Ventura County Star

A natural history of salt

July 21, 2002

It is the only rock we eat. Its Latin name, salax, is the root of the English words "salacious" and "salary," placing it at the heart of two of humanity’s most basic and enduring preoccupations: sex and money. Indeed, it has been used both as a medium of exchange and as a guard against impotence, although its most common uses today are as an ingredient in plastic and as a method of ridding highways of winter snow and ice.

According to the salt industry, there are 14,000 commercial uses for salt, which is a source of sodium and chlorine – basic components of an array of materials, such as plastics, glass, synthetic rubber, cleansers, pesticides, paints, adhesives, fertilizers, explosives and metal coatings. Sodium and chloride are required for cells to function, and cannot be produced by the body, making salt an essential nutrient.

Cargill Inc. harvests about 700,000 tons of salt a year from its San Francisco Bay evaporation ponds, a small fraction of the nearly 29 million tons of dry salt produced annually in the United States. Produced primarily by three processes – solar evaporation, deep-shaft mining of solid deposits and solution mining – salt is a mineral crop worth $1.2 billion a year in the United States, the world’s leading producer.

In solution mining, water is injected through wells drilled into an underground salt bed or salt dome, usually between 500 and 5000 feet deep. Dissolution of the salt forms a void or cavern in the salt deposit. Salt brine is pumped from the cavern and transported by pipeline to an evaporating plant to make dry salt, or to a chemical processing plant for use in manufacturing.

Underground mining of solid salt beds – typically formed as deposits at the bottom of ancient seas – usually involves digging two 20-foot-wide shafts to the salt deposit. After the shafts are sunk, the salt is excavated by blasting out a series of "rooms." Rectangular pillars in a checkerboard pattern, typically 35 percent to 50 percent of the original salt, remain to support the mine roof. The blasted salt is loaded into large trucks and hauled to a crusher, after which it is hoisted to the surface.

Solar evaporation is the simplest and perhaps most ancient method of producing salt. The Ohlone tribe, indigenous inhabitants of the San Francisco Bay area, are believed to have gathered salt deposited naturally through evaporation along the shallow edges of the bay, and commercial production using essentially the same process as that employed today began in 1854.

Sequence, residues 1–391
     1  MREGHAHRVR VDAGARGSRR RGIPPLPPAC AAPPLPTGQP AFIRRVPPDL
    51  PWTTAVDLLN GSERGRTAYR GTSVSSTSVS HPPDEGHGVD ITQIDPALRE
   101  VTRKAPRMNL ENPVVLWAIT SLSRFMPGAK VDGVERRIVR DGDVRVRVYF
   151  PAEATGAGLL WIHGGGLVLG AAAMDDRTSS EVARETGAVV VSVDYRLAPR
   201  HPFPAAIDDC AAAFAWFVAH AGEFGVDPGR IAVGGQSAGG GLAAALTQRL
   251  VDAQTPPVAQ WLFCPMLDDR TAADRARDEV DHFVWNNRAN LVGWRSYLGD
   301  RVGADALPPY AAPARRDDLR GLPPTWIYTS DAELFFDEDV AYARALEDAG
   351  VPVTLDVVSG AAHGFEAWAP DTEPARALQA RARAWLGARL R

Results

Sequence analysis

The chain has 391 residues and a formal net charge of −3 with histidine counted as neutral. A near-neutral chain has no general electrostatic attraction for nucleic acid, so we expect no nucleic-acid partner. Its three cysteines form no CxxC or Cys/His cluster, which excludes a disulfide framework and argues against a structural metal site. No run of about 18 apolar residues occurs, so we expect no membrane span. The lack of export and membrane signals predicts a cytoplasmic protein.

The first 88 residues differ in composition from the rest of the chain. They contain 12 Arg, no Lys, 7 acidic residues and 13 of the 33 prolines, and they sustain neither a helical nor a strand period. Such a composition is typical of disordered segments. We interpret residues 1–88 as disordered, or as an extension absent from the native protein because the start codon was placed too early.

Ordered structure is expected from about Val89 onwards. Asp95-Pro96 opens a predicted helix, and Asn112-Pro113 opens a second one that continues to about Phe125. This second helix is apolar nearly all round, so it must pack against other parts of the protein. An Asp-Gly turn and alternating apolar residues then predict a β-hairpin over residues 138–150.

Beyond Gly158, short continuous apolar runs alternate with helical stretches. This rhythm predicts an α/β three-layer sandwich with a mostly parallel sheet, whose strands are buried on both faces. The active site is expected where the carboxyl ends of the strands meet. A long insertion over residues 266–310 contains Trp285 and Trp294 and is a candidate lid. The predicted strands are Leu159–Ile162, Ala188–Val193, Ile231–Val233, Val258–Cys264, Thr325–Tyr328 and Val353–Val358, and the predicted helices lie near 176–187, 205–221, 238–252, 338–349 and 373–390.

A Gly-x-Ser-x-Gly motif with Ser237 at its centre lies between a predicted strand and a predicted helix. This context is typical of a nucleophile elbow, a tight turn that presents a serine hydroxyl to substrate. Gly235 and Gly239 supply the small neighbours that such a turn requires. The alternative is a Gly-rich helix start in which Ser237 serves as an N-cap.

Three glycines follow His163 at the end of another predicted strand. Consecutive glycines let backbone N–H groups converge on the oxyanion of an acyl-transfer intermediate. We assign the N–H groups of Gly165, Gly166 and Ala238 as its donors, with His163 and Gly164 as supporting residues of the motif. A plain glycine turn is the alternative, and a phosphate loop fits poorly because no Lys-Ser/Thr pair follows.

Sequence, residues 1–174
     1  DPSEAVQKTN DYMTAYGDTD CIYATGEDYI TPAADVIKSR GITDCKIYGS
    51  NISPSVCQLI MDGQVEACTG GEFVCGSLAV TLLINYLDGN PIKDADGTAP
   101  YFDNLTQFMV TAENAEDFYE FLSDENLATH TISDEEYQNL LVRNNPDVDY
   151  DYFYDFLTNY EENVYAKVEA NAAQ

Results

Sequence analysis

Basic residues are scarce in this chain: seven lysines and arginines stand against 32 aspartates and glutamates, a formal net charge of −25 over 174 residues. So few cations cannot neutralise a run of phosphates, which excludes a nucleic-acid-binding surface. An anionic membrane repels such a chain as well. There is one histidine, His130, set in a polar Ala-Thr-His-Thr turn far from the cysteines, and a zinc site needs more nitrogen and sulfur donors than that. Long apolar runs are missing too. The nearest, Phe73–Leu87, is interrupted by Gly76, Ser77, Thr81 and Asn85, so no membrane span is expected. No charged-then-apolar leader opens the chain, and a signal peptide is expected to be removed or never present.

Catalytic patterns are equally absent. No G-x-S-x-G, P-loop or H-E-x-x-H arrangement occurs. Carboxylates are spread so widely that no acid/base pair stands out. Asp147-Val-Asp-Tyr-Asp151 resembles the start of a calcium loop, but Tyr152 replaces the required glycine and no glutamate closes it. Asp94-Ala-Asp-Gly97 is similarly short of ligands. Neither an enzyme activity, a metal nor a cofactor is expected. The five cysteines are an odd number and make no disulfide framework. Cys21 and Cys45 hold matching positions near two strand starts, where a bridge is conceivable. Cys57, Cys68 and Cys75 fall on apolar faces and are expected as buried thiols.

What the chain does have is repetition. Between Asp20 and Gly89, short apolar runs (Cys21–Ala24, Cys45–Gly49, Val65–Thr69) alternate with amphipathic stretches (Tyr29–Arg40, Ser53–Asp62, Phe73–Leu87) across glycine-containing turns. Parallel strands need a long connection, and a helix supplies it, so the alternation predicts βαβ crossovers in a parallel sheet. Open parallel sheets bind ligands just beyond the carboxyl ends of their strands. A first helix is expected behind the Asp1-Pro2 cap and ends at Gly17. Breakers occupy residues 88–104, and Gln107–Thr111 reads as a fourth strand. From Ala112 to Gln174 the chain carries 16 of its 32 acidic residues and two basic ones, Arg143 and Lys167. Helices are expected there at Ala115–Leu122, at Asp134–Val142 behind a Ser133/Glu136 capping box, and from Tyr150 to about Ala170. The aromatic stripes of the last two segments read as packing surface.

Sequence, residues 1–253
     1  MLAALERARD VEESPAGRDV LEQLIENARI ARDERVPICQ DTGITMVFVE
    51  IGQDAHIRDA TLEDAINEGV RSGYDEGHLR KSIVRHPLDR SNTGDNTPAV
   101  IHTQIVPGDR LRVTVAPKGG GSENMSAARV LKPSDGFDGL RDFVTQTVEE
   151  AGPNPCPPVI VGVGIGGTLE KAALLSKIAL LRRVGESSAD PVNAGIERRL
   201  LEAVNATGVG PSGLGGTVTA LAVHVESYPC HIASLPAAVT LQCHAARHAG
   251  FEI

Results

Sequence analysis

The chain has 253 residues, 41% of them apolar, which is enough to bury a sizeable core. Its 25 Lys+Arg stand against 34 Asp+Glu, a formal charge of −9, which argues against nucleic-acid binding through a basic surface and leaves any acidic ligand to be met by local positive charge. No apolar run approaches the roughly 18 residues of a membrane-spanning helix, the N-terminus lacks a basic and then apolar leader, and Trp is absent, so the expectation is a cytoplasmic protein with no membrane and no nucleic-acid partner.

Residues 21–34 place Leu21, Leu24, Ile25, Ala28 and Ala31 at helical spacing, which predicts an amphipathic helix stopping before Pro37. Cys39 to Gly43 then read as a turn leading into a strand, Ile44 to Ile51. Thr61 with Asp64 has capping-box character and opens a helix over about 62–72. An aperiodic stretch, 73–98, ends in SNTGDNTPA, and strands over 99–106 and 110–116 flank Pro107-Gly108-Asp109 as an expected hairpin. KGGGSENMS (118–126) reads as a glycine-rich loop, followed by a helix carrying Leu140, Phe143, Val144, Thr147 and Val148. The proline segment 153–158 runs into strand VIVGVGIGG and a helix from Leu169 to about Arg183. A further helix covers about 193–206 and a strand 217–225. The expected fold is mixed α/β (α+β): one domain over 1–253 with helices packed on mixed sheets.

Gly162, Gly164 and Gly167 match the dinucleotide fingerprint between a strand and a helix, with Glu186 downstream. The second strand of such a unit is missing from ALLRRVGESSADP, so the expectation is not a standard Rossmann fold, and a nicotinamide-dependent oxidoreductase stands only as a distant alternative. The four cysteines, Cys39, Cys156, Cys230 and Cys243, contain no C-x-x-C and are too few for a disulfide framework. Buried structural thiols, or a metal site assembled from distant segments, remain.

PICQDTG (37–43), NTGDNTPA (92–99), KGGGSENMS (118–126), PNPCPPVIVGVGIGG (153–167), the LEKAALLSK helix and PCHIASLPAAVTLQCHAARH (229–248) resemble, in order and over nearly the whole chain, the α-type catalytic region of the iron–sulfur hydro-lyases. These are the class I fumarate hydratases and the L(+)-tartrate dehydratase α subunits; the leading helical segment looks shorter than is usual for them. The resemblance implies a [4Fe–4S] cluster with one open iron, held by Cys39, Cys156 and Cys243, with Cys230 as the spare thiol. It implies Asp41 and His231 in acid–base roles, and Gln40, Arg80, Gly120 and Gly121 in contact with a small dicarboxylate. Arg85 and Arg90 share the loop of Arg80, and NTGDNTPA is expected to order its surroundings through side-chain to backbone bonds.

It takes about five years for bay water (which is only 2.5 percent sodium chloride, vs. the ocean's 3.5 percent) to become crystalline salt at Cargill’s ponds and processing plants. The process begins when bay water is introduced into the intake ponds, and continues as the increasingly saline brine is pumped or allowed to flow by gravity from one pond to the next around the southern edge of the bay. At each step, more of the water evaporates under the influence of summer sunshine and steady coastal wind.

When the brine is as salty as it can become without the salt actually precipitating out of solution, it is pumped into the crystallizer beds at the company’s salt production plants. The beds are shallow ponds with clay bottoms that have been carefully compacted and leveled. Evaporation continues, and salt drops out of solution to form a deposit on the bottom of the bed.

The remaining brine – a dark red liquid packed with other minerals, such as magnesium, and referred to as "bittern" – is drained off to leave a bed of pure sodium chloride 5 to 8 inches deep. (Bittern is toxic to marine life and cannot be discharged into the bay; some has been used to produce highway de-icer but the rest is simply stored in ponds and poses a major cleanup chore and liability issue during the anticipated ecological restoration of Cargill’s property.)

Using machinery that resembles a cross between a snowplow and a grain combine, workers carefully scrape up the salt and transfer it to rail cars, which carry it to the plant for washing. Once the dust and other impurities have been removed, it is dried and readied for sale. Industrial salt is shipped in bulk, salt for food and pharmaceutical uses undergoes further refining before being packaged.

The salt harvest follows many of the same rhythms of any other crop harvest: It is conducted in the fall, generally from September to December, and can be interrupted by rain; crews work 24 hours a day, seven days a week to bring in the crystalline crop before bad weather arrives.

Sources: "Salt: A World History" by Mark Kurlansky (2002: Walker Publishing Co.); Salt Institute (; Cargill Inc. (

Copyright 2002, Ventura County Star. All Rights Reserved.